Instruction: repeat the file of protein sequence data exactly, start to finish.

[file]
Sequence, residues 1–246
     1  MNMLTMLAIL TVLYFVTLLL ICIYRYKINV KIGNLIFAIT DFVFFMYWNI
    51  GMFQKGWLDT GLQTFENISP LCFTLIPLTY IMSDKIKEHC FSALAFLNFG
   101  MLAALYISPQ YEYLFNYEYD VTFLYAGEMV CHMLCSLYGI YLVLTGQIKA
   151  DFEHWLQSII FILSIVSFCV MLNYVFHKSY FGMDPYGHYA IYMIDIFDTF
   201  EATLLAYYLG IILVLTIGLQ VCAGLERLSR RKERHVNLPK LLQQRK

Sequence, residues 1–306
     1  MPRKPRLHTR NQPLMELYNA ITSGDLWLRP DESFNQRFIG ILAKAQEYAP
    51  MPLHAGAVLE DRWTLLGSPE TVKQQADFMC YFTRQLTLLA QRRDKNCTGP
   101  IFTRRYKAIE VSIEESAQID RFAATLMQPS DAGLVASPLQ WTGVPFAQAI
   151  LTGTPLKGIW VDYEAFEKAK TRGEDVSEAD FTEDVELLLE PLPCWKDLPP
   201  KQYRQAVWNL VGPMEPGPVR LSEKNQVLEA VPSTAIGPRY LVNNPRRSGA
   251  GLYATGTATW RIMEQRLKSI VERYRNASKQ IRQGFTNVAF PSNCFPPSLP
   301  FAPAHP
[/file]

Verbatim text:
Sequence, residues 1–246
     1  MNMLTMLAIL TVLYFVTLLL ICIYRYKINV KIGNLIFAIT DFVFFMYWNI
    51  GMFQKGWLDT GLQTFENISP LCFTLIPLTY IMSDKIKEHC FSALAFLNFG
   101  MLAALYISPQ YEYLFNYEYD VTFLYAGEMV CHMLCSLYGI YLVLTGQIKA
   151  DFEHWLQSII FILSIVSFCV MLNYVFHKSY FGMDPYGHYA IYMIDIFDTF
   201  EATLLAYYLG IILVLTIGLQ VCAGLERLSR RKERHVNLPK LLQQRK

Sequence, residues 1–306
     1  MPRKPRLHTR NQPLMELYNA ITSGDLWLRP DESFNQRFIG ILAKAQEYAP
    51  MPLHAGAVLE DRWTLLGSPE TVKQQADFMC YFTRQLTLLA QRRDKNCTGP
   101  IFTRRYKAIE VSIEESAQID RFAATLMQPS DAGLVASPLQ WTGVPFAQAI
   151  LTGTPLKGIW VDYEAFEKAK TRGEDVSEAD FTEDVELLLE PLPCWKDLPP
   201  KQYRQAVWNL VGPMEPGPVR LSEKNQVLEA VPSTAIGPRY LVNNPRRSGA
   251  GLYATGTATW RIMEQRLKSI VERYRNASKQ IRQGFTNVAF PSNCFPPSLP
   301  FAPAHP